This progressive sound project achieves the "something different" Gibbons and Man (aka Paul Webb, Talk Talk) hoped to realize. The downbeat sound that helped to define Gibbon's ubiquitous trip-hop outfit Portishead is, refreshingly, not present during these sessions, catapulting this side-project into the "beats-free" zone. Subtle orchestral arrangements, eerie sonic effects and simple, lyrical songwriting classify the action on Out of Season.
"Mysteries" begins the program with an absorbing rain and guitar sequence (performed by Adrian Utley of Portishead) followed by wistful woo-ing vocals and, shortly after, Gibbons: "God knows how I adore life / when the wind turns on the shore lies another day / I cannot ask for more." The relationship between voice and melody is symbiotic and haunting, evoking the nature of change and the tone of the entire work. Though the record was written between Gibbons and Man, other contributions from members of Gibbons's and Man's mainstream projects co-produce and perform, including drummer Clive Deamer and pianist John Baggot from Portishead's live band and Talk Talk percussionist Lee Harris and guitarist Simon Edwards.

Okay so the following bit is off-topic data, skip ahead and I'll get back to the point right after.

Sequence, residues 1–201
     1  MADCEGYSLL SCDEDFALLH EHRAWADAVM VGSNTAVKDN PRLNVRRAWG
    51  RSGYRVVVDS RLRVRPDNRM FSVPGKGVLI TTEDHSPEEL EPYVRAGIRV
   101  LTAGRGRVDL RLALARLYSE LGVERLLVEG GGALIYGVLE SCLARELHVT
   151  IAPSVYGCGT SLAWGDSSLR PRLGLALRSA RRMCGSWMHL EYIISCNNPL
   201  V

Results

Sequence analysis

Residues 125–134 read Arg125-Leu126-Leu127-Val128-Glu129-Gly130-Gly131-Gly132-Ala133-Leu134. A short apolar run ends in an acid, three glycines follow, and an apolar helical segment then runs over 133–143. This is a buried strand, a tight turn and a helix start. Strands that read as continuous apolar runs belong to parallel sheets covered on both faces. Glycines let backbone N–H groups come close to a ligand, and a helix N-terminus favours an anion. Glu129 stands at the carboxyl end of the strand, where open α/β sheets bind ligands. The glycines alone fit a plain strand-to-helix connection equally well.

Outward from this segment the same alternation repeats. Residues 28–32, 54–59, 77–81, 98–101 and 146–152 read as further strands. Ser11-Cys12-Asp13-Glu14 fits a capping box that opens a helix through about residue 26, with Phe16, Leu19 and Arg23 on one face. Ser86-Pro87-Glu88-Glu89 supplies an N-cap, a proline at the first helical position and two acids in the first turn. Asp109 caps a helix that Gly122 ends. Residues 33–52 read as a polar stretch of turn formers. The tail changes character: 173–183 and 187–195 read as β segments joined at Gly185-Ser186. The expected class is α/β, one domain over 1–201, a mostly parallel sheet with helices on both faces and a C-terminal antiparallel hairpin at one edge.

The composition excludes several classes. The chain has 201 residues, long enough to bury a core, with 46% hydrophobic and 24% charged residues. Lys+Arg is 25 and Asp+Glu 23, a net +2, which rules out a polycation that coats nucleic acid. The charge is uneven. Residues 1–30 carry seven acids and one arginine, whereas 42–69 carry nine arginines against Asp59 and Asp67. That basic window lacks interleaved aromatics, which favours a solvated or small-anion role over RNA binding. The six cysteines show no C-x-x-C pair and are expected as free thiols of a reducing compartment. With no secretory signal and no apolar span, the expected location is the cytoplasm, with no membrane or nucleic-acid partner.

The collaboration works. Gibbons and Man arranged Out of Season in experimental, "first time" mode, but the diverse array of musicianship, mixing and an extensive lineup of mood-inducing sound effects (moog, vibes, ebo) resulted in a piece that is right in it's own place. Out of Season adheres to an instinctual sense of what sounds right, because nothing is too over the top or too similar to their past work. Timing, placement and style have all been excruciatingly arranged and re-arranged, but the overall tone is as fluid and natural as the smooth lounge track "Romance."
The side-project is a tricky undertaking -- it needs to be an expression independent of the parent sound but interesting enough to stand up on its own. So it's not unintentional that Out of Season sounds a little "out of its time" -- it's moody, it's autumnal and it showcases an impressive range of Gibbon's vocal color. From the sultry, diva-driven "Tom the Model" to the throaty, half-muttered "Resolve," Out of Season is, however, perfectly in sync with itself.
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